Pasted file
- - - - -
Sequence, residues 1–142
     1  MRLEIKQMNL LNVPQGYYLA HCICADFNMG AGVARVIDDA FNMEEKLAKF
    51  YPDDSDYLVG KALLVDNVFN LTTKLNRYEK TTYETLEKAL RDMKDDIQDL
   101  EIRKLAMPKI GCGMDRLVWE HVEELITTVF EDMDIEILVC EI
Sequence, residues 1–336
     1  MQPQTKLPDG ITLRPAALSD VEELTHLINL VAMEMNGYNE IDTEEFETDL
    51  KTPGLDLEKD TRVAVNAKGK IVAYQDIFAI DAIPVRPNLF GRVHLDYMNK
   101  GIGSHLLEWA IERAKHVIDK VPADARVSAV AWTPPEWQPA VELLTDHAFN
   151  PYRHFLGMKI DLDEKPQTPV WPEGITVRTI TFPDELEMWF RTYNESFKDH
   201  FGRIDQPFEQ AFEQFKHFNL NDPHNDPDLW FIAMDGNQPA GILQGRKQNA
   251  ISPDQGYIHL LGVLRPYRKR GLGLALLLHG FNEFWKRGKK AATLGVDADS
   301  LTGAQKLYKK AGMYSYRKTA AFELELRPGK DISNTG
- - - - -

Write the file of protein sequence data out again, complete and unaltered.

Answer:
Sequence, residues 1–142
     1  MRLEIKQMNL LNVPQGYYLA HCICADFNMG AGVARVIDDA FNMEEKLAKF
    51  YPDDSDYLVG KALLVDNVFN LTTKLNRYEK TTYETLEKAL RDMKDDIQDL
   101  EIRKLAMPKI GCGMDRLVWE HVEELITTVF EDMDIEILVC EI
Sequence, residues 1–336
     1  MQPQTKLPDG ITLRPAALSD VEELTHLINL VAMEMNGYNE IDTEEFETDL
    51  KTPGLDLEKD TRVAVNAKGK IVAYQDIFAI DAIPVRPNLF GRVHLDYMNK
   101  GIGSHLLEWA IERAKHVIDK VPADARVSAV AWTPPEWQPA VELLTDHAFN
   151  PYRHFLGMKI DLDEKPQTPV WPEGITVRTI TFPDELEMWF RTYNESFKDH
   201  FGRIDQPFEQ AFEQFKHFNL NDPHNDPDLW FIAMDGNQPA GILQGRKQNA
   251  ISPDQGYIHL LGVLRPYRKR GLGLALLLHG FNEFWKRGKK AATLGVDADS
   301  LTGAQKLYKK AGMYSYRKTA AFELELRPGK DISNTG